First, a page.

I decided to spend my Christmas holidays exploring a mystery. What, I wondered, is the Higgs boson about which we’ve heard so much? Having studied physics and astronomy seriously in the University, and having subsequently kept up with developments at a lay level as a lifelong reader of Scientific American I thought I knew a lot of it. Enough to know that somewhere between Schrödinger and Gell-Mann I had lost the narrative. So with the help of Wikipedia and its links I’ve been slowly putting it together. But unless you are fascinated by electro-weak theory and symmetry breaking (which are fascinating but pretty hard to understand for me) we’ll skip that.
The real story is the story of how scientists seem to think. And that narrative is simpler. It goes like this. 1. I wonder why something works the way it works. 2. I develop a theory consistent with what I’ve observed. 3. I think of an experiment that will give me more data and prove my theory right. 4. I find out a bunch of stuff that messes up my simple theory. 5. I construct a more complicated theory, or change my theory altogether. 6. Return to step 3 and repeat ad infinitum.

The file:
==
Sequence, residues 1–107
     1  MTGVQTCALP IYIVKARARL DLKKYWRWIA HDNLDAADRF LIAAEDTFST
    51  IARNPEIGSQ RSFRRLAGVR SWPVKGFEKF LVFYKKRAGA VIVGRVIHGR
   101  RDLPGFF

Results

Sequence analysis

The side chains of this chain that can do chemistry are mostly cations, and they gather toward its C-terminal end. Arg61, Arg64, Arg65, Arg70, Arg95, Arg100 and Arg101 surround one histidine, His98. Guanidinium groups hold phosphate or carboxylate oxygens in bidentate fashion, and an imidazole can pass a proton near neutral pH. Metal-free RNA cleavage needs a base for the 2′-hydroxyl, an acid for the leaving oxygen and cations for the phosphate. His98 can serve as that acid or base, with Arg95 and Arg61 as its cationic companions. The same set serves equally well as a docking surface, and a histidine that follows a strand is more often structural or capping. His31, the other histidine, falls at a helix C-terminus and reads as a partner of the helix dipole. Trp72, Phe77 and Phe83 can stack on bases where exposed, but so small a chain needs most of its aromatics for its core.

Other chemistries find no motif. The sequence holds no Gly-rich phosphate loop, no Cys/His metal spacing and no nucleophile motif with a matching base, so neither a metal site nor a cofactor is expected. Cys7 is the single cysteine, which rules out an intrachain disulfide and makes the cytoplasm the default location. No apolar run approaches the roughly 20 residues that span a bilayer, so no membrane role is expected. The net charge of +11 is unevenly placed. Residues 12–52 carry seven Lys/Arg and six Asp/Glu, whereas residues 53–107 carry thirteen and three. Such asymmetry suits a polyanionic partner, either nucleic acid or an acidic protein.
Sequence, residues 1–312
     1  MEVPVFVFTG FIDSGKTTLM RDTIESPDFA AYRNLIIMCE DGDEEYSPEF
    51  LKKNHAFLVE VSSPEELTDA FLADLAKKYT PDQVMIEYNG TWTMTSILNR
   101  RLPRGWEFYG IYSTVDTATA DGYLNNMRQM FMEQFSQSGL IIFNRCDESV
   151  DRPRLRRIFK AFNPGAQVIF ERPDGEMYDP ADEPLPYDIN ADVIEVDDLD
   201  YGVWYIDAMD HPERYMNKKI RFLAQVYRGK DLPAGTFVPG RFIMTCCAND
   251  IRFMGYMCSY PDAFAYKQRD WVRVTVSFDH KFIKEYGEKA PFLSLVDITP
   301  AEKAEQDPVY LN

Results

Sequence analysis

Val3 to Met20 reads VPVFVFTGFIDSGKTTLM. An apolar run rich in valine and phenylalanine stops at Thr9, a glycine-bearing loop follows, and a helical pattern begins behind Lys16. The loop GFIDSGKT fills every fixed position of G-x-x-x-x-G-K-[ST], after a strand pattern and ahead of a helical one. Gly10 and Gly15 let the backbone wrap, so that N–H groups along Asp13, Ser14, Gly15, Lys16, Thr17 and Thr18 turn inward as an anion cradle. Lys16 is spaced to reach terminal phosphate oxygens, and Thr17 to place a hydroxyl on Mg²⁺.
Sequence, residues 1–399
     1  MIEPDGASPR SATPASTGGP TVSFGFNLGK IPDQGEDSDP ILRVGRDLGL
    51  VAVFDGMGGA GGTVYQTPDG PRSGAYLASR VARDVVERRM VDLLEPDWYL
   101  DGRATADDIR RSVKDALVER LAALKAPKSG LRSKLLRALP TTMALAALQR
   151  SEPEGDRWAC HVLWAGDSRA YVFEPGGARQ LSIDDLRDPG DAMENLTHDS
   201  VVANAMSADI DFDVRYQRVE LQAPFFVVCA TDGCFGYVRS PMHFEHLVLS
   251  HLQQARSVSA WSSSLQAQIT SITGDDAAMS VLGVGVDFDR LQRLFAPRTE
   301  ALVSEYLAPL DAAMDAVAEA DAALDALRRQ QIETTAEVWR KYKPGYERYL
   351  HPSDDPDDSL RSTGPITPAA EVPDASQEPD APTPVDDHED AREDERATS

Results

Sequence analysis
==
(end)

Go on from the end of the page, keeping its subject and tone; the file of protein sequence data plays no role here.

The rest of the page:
The ad infinitum is important. Back in 1930 the discovery that atoms consisted of protons, neutrons, and electrons led Max Born to say, “Physics as we know it will be over in six months.” He was right. And wrong. Only a year later physicists realized that it wasn’t nearly that simple. By the time we got to last year, and the first evidence that the theory of the Higgs field accurately reflected reality (with the creation of a Higgs boson) the Standard Theory of sub-atomic particles had 9 types (and their anti-particles) 3 generations of quarks and leptons, 8 colors (of gluons), and thus a total of 61 particles.
And more amazingly the scientists love that! They don’t want a final theory (and they know they probably can’t get to it anyway.) They want (to use the title of Stephen Wienberg’s classic) to dream of a final theory. They are addicted not to answers, but to wonder. Theories and experiments are just a way of raising the stakes, of getting past the easy and obvious to the complex and wondrous.
Let’s listen to the master: https://www.youtube.com/watch?v=zSgiXGELjbc
This is suggestive to me of where a dialogue with science might go. Christians are too anxious to wrap things up, to solve problems instead of exploring their complexity. To give answers instead of wondering at the fabulous complexity of the questions.
At a time when religion and science seem increasingly at odds, and in which the importance of both steadily increases, could it be that the human capacity for wonder is something we that we share and could explore together? That it might prove some strand that could bind us in a unity?